# Statistics Assignment Once you have made your corrections, you will compile your information from Phase 1, Phase 2, Phase 3 and your final conclusion into

Statistics Assignment Once you have made your corrections, you will compile your information from Phase 1, Phase 2, Phase 3 and your final conclusion into one submission and submit this as your rough draft for Phase 4 of the course project. Below is a summary of the expectations for Phase 4 of the course project:

Introduce your scenario and data set.
Provide a brief overview of the scenario you are given above and the data set that you will be analyzing.
Classify the variables in your data set.
Which variables are quantitative/qualitative?
Which variables are discrete/continuous?
Describe the level of measurement for each variable included in your data set.
Discuss the importance of the Measures of Center and the Measures of Variation.
What are the measures of center and why are they important?
What are the measures of variation and why are they important?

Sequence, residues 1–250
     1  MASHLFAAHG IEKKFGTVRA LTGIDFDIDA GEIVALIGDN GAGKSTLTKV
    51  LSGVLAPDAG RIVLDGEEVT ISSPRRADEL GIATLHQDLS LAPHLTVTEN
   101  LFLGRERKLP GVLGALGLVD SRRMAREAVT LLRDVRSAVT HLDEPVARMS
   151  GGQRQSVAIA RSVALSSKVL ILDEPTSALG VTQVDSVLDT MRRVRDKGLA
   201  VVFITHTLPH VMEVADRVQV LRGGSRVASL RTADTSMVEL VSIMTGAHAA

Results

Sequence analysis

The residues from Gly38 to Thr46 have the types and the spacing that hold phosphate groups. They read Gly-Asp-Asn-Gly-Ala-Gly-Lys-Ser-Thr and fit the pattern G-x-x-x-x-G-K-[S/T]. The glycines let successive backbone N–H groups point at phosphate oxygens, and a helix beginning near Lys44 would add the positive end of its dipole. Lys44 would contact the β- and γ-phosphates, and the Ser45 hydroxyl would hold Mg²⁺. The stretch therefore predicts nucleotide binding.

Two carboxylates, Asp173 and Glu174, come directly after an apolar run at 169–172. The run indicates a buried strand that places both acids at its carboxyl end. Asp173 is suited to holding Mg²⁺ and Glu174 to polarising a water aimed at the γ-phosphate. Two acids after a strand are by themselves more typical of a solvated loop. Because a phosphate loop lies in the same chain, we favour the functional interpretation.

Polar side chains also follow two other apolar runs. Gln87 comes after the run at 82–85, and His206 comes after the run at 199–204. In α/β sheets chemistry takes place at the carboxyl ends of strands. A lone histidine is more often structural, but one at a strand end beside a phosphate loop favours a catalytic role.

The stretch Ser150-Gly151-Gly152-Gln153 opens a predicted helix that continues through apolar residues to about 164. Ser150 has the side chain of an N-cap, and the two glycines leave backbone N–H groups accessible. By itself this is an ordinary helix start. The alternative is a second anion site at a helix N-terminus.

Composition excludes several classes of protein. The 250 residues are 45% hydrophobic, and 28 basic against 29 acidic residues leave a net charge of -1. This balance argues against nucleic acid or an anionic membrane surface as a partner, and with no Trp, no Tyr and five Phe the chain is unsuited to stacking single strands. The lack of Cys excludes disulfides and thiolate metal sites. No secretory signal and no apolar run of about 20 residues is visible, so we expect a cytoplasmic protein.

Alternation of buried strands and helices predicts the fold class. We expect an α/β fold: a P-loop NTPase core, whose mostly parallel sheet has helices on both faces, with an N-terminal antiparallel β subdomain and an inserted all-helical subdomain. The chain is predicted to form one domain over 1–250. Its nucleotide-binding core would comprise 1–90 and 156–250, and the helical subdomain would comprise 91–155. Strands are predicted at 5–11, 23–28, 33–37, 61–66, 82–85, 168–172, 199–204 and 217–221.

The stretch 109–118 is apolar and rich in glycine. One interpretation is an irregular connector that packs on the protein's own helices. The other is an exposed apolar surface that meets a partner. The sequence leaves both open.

Calculate the measures of center and measures of variation. Interpret your results in context of the selected topic.
Mean
Median
Mode
Midrange
Range
Variance
Standard Deviantion
Discuss the importance of constructing confidence intervals for the population mean.
What are confidence intervals?
What is a point estimate?
What is the best point estimate for the population mean? Explain.
Why do we need confidence intervals?
Based on your selected topic, evaluate the following:
Find the best point estimate of the population mean.
Construct a 95% confidence interval for the population mean. Assume that your data is normally distributed and σ is unknown.
Please show your work for the construction of this confidence interval and be sure to use the Equation Editor to format your equations.
Write a statement that correctly interprets the confidence interval in context of your selected topic.
Based on your selected topic, evaluate the following:
Find the best point estimate of the population mean.
Construct a 99% confidence interval for the population mean. Assume that your data is normally distributed and σ is unknown.